Hereditary angioedema (HAE) is caused by the deficiency of functional C1 inhibitor. Symptoms of this disease include:
- cutaneous angioedema
- abdominal pain
- laryngeal edema
59 adult patients with HAE were included in this study - 55 had any symptom due to HAE (abdominal location, 78%); 4 patients were asymptomatic.
In 11 cases, ultrasonography was performed during acute attacks. Ascites and intestinal wall swelling were found in 7, and thus diagnosis was confirmed.
C1 protein, showing subunits C1r, C1s, and the C1q tails. Image source: Wikipedia. Hereditary angioedema (HAE) is an autosomal dominant condition associated with episodic attacks of nonpitting edema. Patients with HAE have low levels of C1 inhibitor (a serine protease inhibitor). Edema is caused by unregulated generation of bradykinin.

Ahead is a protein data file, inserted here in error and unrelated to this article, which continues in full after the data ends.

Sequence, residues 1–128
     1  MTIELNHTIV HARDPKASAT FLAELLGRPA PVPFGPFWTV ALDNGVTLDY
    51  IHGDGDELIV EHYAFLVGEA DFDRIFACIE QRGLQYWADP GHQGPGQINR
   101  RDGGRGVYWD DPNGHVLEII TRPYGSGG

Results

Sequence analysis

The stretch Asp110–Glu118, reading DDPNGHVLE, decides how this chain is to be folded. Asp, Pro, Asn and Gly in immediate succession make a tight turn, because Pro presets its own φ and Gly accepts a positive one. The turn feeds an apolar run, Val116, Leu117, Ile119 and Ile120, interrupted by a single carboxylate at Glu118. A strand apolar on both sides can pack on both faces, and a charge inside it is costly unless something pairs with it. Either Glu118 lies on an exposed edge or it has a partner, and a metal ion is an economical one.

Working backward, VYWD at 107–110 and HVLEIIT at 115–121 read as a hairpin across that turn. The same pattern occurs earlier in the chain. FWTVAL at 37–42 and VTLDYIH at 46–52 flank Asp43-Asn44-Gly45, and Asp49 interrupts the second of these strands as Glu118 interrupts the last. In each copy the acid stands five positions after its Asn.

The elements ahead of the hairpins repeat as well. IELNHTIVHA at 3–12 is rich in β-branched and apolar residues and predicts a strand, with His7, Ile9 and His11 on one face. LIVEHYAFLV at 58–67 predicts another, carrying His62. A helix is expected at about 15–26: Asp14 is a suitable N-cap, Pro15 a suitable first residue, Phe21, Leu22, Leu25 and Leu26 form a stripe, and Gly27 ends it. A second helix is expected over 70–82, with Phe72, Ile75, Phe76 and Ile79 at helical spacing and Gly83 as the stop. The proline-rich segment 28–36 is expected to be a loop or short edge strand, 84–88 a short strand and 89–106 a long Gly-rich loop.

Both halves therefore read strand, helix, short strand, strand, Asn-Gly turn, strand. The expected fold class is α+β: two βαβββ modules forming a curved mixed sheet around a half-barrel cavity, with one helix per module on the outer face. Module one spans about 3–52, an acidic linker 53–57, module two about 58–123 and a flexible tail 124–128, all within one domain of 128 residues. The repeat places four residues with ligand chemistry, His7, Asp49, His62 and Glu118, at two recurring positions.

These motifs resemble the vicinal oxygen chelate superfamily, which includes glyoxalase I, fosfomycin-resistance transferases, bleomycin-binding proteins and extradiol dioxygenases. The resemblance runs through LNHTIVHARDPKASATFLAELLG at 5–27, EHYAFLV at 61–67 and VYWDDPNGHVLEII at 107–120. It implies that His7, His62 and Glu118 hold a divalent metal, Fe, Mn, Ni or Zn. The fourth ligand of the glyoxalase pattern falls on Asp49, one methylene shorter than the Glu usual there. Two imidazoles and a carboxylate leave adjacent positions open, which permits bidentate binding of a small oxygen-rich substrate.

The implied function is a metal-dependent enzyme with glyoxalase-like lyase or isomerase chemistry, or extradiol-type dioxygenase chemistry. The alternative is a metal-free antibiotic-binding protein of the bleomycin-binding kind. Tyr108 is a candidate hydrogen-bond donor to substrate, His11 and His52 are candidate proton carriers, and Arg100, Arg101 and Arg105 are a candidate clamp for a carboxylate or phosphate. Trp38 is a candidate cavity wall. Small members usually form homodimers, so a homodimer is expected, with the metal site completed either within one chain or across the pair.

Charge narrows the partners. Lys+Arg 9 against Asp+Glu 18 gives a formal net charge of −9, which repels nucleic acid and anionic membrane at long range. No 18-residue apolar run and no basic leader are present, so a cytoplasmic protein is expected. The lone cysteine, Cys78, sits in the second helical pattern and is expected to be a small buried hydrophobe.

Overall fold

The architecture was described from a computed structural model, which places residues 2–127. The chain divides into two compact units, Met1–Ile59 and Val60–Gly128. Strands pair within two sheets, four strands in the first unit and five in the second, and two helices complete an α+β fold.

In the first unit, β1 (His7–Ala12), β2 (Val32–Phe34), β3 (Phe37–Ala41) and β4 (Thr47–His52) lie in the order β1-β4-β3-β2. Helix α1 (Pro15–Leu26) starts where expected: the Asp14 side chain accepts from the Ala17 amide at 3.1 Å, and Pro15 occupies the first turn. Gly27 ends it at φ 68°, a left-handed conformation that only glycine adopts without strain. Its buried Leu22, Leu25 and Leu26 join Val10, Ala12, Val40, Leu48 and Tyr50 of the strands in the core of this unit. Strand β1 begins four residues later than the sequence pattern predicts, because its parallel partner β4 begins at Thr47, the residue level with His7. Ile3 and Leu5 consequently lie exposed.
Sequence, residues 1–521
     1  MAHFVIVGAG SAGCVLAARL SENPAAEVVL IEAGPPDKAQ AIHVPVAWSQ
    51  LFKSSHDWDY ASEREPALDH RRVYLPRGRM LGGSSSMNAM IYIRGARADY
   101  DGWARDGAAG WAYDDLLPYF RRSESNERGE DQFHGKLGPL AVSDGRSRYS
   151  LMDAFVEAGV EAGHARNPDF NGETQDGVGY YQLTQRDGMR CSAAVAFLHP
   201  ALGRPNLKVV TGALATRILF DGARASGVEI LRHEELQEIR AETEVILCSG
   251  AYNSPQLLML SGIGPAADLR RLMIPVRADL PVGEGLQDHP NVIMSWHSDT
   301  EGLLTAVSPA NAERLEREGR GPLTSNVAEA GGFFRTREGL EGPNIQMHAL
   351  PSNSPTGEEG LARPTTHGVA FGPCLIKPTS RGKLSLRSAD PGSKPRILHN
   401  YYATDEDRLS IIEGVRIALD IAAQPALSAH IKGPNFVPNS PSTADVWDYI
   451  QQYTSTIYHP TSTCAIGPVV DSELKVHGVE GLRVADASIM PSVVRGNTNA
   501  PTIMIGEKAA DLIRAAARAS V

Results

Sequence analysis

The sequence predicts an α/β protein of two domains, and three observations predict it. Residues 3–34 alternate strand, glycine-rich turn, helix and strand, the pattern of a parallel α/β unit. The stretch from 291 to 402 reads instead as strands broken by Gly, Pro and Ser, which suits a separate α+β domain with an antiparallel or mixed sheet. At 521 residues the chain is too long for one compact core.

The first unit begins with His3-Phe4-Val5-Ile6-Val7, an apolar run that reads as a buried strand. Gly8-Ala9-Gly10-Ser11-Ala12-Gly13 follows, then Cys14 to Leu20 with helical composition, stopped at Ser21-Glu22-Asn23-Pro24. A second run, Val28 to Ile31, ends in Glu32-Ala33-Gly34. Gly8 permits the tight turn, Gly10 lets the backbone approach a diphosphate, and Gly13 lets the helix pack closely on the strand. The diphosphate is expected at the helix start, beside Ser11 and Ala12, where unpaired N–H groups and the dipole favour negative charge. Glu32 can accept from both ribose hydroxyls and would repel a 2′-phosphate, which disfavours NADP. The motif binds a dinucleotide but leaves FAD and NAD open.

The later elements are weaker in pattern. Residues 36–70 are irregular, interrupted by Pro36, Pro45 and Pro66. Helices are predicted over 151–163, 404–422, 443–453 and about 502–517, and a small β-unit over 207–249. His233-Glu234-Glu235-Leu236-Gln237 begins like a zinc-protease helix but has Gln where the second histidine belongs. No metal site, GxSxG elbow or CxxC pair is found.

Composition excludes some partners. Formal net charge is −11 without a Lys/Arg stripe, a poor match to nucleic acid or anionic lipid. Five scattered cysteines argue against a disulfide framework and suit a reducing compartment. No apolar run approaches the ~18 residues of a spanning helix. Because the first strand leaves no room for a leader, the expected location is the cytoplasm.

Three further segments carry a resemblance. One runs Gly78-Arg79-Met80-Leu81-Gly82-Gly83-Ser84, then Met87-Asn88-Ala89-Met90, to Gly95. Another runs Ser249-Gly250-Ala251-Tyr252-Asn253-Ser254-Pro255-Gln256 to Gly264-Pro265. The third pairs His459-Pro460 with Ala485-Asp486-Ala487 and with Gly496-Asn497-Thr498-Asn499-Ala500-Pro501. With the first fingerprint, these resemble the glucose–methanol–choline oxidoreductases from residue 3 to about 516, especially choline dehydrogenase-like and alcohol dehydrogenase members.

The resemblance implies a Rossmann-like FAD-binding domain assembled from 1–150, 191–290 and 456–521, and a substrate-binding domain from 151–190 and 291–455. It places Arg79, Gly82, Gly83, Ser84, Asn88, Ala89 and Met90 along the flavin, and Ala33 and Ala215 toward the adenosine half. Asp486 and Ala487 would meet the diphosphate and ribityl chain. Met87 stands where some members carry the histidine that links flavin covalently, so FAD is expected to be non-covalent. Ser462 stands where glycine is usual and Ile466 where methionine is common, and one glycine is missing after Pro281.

The authors concluded that abdominal ultrasonography has been proved useful as an early tool for diagnosing the adverse effects of therapy and for confirming diagnosis in the case of an acute abdominal attack.
Usefulness of abdominal ultrasonography in the follow-up of patients with hereditary C1-inhibitor deficiency. Pedrosa M, Caballero T, Gómez-Traseira C, Olveira A, López-Serrano C. Ann Allergy Asthma Immunol. 2009 Jun;102(6):483-6.